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Retirement Planning

Preparing for the “Just in Case”


The personal finance blogosphere is full of type A control freaks who likely handle the family finances. I personally take care of our finances — transferring money in and out of accounts, paying down debt, and making sure all the bills are paid on time.

Note: While I’m not always fabulous with money, I haven’t missed a single bill payment since we got married. You know how most cash-strapped people start by paying for food and then hope money appears for the bills? Yeah, I took the opposite approach when we were broke kids making minimum wage. We never missed a payment and somehow never went hungry either.

Anyways, a bit of a morbid thought ran through my head the other day as I was preparing for my plane to take off for St. Louis. What if something happened to me? While it’s not likely, there is always the possibility that I could die earlier than expected. (I’m shooting for 103.) If something happened to me, how would Steve know our financial system?

Now don’t get me wrong, he knows the account information for our bank and approximate numbers for our monthly bills. But he doesn’t really know the due dates. He doesn’t know much about the online bank accounts that I use to save and pay bills. Wouldn’t it be a terrible thing to not only lose a spouse but also get hounded by bill collectors?

This post is really not supposed to be this morbid. I feel like Daria. Let’s break it up with something ridiculous to lighten the mood:

 

Thank you, Parks and Rec!

Anyways, I was thinking about how to make sure Steve had all this information if something were to happen to me. Many people use a binder or file away the info but for renters who frequently change accounts, it would be a pain to update each time we moved or acquired a new account. So I came up with another idea…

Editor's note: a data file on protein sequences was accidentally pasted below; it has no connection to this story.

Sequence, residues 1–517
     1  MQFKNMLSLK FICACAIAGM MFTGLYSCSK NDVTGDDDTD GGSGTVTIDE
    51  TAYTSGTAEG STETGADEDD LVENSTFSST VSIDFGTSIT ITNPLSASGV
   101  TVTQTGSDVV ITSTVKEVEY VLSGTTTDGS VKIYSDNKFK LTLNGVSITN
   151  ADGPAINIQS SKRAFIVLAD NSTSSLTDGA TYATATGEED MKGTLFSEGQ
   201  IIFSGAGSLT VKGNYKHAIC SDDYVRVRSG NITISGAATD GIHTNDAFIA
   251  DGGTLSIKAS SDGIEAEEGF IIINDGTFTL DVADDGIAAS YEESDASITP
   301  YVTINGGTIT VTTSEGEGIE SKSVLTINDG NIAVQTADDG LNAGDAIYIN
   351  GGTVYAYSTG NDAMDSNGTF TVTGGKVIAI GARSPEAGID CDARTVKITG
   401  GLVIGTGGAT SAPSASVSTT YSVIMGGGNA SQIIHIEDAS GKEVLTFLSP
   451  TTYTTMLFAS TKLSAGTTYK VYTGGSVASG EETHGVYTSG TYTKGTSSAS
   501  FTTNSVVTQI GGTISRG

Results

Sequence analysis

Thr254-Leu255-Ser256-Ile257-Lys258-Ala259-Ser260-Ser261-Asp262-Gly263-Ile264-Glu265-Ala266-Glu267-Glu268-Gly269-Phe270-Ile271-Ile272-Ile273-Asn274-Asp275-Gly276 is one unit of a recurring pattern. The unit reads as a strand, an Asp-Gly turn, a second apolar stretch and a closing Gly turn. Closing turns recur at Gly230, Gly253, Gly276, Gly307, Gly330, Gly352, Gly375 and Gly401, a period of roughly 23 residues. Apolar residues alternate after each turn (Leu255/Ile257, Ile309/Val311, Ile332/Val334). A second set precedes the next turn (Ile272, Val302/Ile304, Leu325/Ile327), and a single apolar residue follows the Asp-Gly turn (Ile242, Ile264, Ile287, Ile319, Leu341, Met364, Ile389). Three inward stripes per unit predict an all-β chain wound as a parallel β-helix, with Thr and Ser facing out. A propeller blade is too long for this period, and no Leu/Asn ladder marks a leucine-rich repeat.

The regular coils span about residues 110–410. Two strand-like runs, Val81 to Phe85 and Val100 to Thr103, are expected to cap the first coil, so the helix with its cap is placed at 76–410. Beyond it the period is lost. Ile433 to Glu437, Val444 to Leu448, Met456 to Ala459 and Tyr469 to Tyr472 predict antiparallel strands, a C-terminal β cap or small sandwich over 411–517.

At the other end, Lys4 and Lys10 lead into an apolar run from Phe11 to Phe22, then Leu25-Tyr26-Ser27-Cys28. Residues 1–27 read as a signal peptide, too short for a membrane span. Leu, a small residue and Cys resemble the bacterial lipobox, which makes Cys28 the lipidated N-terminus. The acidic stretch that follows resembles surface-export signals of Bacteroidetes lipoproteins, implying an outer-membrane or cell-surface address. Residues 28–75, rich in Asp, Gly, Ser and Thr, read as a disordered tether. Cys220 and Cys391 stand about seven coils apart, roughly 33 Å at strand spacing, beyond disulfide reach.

This week, I will be putting this information into a secured Google doc that I will share with Steve. That way, either of us can update it easily if we need to. Here’s the information I will be including:

  • Bank account information including account numbers, routing numbers, and login information
  • Bill information including amounts, due dates, and the account it is coming out of
  • A list of our debts including interest rates, minimum payments, and due dates
  • My Roth IRA account information, for which he is the beneficiary
  • Online tax preparation information including our login information and PINs

Dealing with the “just in case I die” stuff is not fun. I understand that. But I would rather deal with it now than put my loved ones through hell later trying to sort shit out. This is also the reason that those individuals with dependents should have life insurance. And anyone who owns anything of consequence (or has dependents) should have a will. Both of these items are on my “as soon as I have children” list.

As a lot of you know, my grandpa passed away this month. He had absolutely everything taken care of before he passed so as not to burden his loved ones with trying to organize a funeral while grieving. That’s a truly awesome gift to give your surviving loved ones.

Anyways, I hope the one thing you take away from this is to get organized and make sure your spouse or closest loved one knows what’s up just in case. For me, today, it’s as simple as “this is where our money is and this is where it needs to go”. As time goes on, I will have to deal with harder stuff. And I will do so happily knowing that I’m making Steve’s life easier. You know, just in case.

Whew, sorry all for harshing your mellow. One more fun gif to bring your spirits back up?

Do you have a just in case file of your financial stuff? How do you update it? How depressed did I make you on this fine Monday?

[Images from Buzzfeed]

Photo of author

Erin Thompson

Erin Thompson spent years managing her own blog about budgeting and debt. Because of that, she has great insights not only about managing spending and borrowing but also about running websites profitably. When she's not writing articles for us, she's traveling and looking for new types of wines to try.
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The content on Cashblog.com is for informational and educational purposes only. It is not financial advice and we are not certified financial advisors. Cashblog.com strives to keep its information accurate and up to date, but it may differ from actual numbers. We may have financial relationships with companies listed on our site. We may receive compensation for the placement of sponsored products or services. We work hard to write authentic and accurate articles.